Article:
If you were ever on the fence about getting your tax refund by direct deposit, here are the facts according to the IRS: it’s speedier, easier, and safer than getting a paper check in the mail.
Plus, direct deposit saves trees and lowers processing costs: Paper check tax refunds cost the taxpayers more than $1, while direct deposit costs them about 10 cents.
In short: no, the IRS doesn’t charge you to deposit your tax refund directly into your bank account. Also, if you’re filing taxes electronically through an authorized IRS e-file provider, you cannot be charged a separate fee for using direct deposit for your federal tax return.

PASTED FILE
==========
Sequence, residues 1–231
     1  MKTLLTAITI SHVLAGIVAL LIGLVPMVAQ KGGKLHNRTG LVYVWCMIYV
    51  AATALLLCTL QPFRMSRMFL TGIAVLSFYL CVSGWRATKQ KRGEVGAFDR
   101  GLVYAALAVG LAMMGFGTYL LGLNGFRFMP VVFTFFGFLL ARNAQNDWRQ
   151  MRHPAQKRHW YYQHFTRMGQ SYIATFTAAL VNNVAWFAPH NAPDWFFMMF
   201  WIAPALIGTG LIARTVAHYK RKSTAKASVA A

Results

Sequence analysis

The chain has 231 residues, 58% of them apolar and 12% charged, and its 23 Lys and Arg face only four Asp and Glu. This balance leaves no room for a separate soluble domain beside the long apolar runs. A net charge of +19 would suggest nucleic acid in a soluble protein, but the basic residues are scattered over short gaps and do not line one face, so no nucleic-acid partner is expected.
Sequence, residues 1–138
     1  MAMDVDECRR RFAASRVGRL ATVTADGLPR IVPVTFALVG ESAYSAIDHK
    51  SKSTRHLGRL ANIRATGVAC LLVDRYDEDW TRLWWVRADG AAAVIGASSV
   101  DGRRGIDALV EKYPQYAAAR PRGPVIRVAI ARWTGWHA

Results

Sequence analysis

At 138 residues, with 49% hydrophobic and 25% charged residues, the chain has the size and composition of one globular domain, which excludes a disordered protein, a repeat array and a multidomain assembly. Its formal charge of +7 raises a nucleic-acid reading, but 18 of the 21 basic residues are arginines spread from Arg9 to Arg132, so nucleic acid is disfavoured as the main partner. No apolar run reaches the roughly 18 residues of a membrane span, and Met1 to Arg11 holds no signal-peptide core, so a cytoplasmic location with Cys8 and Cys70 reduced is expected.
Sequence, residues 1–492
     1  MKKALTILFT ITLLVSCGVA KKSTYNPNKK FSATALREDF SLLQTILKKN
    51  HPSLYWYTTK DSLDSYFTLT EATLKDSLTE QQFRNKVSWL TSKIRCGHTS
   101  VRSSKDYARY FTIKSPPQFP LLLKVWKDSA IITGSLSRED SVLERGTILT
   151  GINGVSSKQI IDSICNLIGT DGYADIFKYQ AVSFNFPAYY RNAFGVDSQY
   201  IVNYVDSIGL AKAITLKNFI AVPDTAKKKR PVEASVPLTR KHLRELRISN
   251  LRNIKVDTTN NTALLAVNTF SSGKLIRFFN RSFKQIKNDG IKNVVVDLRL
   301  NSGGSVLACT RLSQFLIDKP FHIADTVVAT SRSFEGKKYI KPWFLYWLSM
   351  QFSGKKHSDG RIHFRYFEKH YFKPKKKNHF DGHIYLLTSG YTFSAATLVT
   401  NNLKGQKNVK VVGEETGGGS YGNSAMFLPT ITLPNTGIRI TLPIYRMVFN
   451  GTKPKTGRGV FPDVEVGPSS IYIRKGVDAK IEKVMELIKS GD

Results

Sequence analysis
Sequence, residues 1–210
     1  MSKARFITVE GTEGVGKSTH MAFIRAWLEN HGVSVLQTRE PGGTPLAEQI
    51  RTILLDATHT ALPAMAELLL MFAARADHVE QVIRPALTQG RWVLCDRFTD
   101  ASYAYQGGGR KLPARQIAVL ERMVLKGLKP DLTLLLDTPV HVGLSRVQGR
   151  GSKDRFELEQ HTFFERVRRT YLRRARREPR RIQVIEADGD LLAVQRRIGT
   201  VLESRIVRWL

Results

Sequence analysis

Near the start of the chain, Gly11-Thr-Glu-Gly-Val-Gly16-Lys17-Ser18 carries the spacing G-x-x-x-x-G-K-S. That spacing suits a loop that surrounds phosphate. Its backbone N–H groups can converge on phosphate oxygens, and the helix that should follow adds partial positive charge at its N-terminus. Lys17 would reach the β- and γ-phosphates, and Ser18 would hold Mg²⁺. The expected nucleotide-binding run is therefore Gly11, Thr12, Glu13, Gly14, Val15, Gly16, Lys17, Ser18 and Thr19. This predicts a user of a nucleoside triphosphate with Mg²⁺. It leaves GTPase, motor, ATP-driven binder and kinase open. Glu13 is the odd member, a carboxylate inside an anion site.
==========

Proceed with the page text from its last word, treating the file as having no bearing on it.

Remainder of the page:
While the IRS won’t charge you to send your refund through direct deposit, it’s a good idea to ask your bank or financial institution if they’ll charge you a fee to receive the money. Also, check if the software you’re using has any processing or filing fees before you complete your tax refund.
You can divide your refund across as many as three financial accounts.
You won’t run the risk of your paper check getting lost or stolen.